Ring bombs — bath bombs that dissolve to reveal hidden jewelry — are popping up all over Facebook and Instagram in promoted posts and video ads. Which ones are worth your money? Find out by following along as I try out and review ring bombs from all over the Internet! Find all Ring Bomb Bonanza posts here.
The Company: Jackpot Candles
On the prize candle scene since 2014, Jackpot Candles sells candles (obviously), bath bombs and wax tarts with jewelry inside — mostly rings, but a few necklaces, and apparently they’ve offered earrings as well. Earlier this year, the company launched a subscription service; called the In Crowd, the monthly club ships gift sets (a coordinated bath bomb and candle) containing a ring and a necklace for $31.95.
Jackpot Candles’ website is clean and easy to use. I’ve ordered from the company twice, and each time my order has shipped quickly and arrived in perfect condition. And their email marketing isn’t quite as spammy as some of the other ring bomb companies, although that’s a low bar. (Some are worse than others, but I’ve ended up unsubscribing from most of the ring bomb mailing lists I was on… my inbox was just absolutely choking to death.)
I was not expecting much of Jackpot Candles’ bath bombs. I don’t really know why — maybe it’s the cheesy name — but for whatever reason, I didn’t think they were going to be anything special.
Color me mistaken.
Both of the bombs that I ordered from Jackpot Candles were really great. Like, really great. In fact, when I used the second one I’d ordered, I went back and looked at my notes from the first one and was confused about why it had taken me so long to order from them again.
Over the summer, I ordered a single 10 oz. Hyacinth bomb ($15.95), which was quite large, with a really lovely floral smell. In the bath, it was spectacular. Fizzy, bubbly, a nice long dissolve time, and that beautiful fragrance. I’m not sure I loved how extremely purple it was; I was concerned that it would stain my skin along with my towel and my tub, and it did briefly, but all have recovered.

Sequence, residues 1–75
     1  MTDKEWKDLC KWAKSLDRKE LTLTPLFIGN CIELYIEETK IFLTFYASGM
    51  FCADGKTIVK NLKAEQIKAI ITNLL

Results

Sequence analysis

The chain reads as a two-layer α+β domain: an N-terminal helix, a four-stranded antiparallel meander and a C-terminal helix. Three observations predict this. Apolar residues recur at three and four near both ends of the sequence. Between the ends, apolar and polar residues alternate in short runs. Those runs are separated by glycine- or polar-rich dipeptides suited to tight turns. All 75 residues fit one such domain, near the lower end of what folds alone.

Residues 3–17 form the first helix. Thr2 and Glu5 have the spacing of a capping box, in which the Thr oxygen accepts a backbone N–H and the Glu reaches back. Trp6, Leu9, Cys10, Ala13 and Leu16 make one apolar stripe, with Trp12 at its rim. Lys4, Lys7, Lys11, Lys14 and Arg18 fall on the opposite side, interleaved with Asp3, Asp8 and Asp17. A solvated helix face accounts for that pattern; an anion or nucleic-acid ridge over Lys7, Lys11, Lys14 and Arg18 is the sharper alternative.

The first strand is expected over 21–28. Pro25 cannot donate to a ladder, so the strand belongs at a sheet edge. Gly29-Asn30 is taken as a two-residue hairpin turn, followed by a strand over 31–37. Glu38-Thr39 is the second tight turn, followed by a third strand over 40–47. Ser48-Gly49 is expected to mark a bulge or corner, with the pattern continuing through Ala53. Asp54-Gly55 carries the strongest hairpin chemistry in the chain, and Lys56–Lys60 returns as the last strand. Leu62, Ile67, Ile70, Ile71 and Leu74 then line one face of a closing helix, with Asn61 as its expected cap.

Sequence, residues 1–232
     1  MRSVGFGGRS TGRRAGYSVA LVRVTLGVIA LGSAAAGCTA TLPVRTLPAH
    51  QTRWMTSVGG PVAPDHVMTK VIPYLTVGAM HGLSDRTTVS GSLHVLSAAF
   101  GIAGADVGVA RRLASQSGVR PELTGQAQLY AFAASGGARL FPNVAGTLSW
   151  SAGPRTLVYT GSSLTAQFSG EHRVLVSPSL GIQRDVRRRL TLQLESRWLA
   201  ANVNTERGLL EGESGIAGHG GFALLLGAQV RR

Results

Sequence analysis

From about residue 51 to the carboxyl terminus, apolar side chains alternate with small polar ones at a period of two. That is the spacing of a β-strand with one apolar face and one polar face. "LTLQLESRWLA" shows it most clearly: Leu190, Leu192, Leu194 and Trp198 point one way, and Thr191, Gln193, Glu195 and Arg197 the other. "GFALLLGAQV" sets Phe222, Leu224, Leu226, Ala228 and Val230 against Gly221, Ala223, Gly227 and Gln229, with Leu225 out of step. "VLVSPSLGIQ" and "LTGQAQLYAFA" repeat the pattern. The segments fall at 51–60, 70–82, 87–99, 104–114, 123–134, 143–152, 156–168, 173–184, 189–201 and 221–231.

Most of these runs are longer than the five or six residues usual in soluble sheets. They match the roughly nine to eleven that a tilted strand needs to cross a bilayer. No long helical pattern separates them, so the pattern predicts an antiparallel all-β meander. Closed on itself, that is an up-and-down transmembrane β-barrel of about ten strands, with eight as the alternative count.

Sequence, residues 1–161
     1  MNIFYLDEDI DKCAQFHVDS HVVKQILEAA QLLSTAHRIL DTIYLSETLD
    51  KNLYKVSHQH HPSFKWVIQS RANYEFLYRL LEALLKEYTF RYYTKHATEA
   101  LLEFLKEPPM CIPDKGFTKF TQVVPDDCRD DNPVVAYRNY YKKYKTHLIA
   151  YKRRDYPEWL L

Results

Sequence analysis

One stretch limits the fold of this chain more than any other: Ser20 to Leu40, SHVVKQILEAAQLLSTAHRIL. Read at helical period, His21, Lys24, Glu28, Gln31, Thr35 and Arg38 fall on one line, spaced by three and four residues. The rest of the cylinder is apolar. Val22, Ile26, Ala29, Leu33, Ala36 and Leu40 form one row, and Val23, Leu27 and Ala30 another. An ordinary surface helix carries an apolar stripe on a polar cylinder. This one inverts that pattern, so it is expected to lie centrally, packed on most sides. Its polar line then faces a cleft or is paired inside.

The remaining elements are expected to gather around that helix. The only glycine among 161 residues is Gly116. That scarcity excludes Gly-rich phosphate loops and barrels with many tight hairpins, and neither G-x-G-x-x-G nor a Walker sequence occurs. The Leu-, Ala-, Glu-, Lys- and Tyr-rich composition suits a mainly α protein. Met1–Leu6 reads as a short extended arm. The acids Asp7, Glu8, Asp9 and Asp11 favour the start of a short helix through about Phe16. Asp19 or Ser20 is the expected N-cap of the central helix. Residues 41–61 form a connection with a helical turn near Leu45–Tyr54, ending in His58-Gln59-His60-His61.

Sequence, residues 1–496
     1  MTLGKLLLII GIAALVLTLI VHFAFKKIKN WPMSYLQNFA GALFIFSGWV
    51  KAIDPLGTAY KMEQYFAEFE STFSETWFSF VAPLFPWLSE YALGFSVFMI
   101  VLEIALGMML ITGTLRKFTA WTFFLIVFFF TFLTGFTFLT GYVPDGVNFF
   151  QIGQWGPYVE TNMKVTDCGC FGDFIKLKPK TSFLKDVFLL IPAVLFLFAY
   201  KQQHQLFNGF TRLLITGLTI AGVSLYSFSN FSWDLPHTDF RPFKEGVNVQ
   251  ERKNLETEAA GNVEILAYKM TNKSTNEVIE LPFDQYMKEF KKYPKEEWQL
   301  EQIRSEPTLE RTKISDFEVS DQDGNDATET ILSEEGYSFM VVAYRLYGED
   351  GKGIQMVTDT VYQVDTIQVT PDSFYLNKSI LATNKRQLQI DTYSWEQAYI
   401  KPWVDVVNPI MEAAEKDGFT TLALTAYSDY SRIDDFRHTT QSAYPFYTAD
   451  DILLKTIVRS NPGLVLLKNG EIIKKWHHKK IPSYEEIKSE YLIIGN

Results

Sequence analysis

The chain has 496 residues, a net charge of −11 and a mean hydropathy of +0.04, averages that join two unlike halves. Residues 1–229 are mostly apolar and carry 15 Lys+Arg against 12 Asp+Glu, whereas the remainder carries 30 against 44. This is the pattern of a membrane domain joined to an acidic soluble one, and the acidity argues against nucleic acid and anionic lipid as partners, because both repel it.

Other than the excessive pigmentation, I have absolutely nothing negative to say about the bomb. It was insanely moisturizing — like, water was beading up on my skin after the bath. THAT moisturizing. And both my skin and my bathroom stayed hyacinth-scented long after the tub had drained.
I didn’t try Jackpot Candles again until Halloween collections started coming out. I loved the look of their glittery skull bombs, but I wasn’t wild about the black stones in the jewelry, so I opted for a tangerine-scented Jack O Lantern bomb (also $15.95) instead.
Jack O Lantern turned out to be probably the longest-lasting bath bomb I’ve ever used, including everything I’ve ever bought from Lush. The scent (with notes of mandarin, peach, jasmine, lily, musk and vanilla) was pleasantly strong and long-lasting, and my skin felt wonderful during and after the bath. As with the Hyacinth bomb, the color was intense, and my tub was a bit orange afterward, but that’s my only criticism. This Halloween bomb was a delight that I’d be happy to use all year round.
I wish I could say Jackpot Candles’ rings were as off-the-charts amazing as the bath bombs, but it wouldn’t be totally true. I do like both the rings I got in my Jackpot bath bombs. The ring from the Hyacinth bomb seemed just OK when I first opened it, but then the dark rusty-red stone started to grow on me. The Jack O Lantern bomb came with a very similar ring — a pink center stone this time, again with clear accent stones — that is very pretty but has the same sizing problem I experienced with Pearl Bath Bombs. It appears to be a full ring size smaller than I ordered. Both rings appear to be of good quality — no loose or dull stones, no green residue on my fingers.
Most of the rings in Jackpot Candles bombs are from a general assortment rather than a themed collection, which might be a vote in favor of trying the In Crowd if you want a more seasonally themed ring. The subscription club offers “curated jewelry to match each month’s theme.”
True to its name and the standard ring bomb hook, Jackpot Candles promises each ring in its bath bombs is worth between $15 and $5,000. Rings come with a tag bearing a code that you enter on Jackpot Candles’ website. My rings were both valued at $20.
Like many of the other ring bomb companies, Jackpot Candles has a website that is not particularly mobile-friendly. I had no trouble entering one code on desktop, but entering the other through my phone was challenging since the Appraisal page didn’t display fully on mobile. I hope this is something more of these companies will fix; it’s a lot easier to grab your phone to check these values rather than fire up the laptop.
The Bottom Line
Based on the two bombs I tried, I’m happy to give Jackpot Candles bath bombs my full-throated approval. I do wish the rings in the everyday bombs were a little more unique, since I have so many rings by now that I’ve become a lot more picky about what I’m going to be getting inside a bomb. I would also consider trying the In Crowd subscription (it’s a dollar less than my current Fragrant Jewels Inner Circle membership, although I might be more interested if it were all rings instead of rings and necklaces).
Especially if you can get a discount code, I absolutely recommend giving Jackpot Candles ring bombs a try.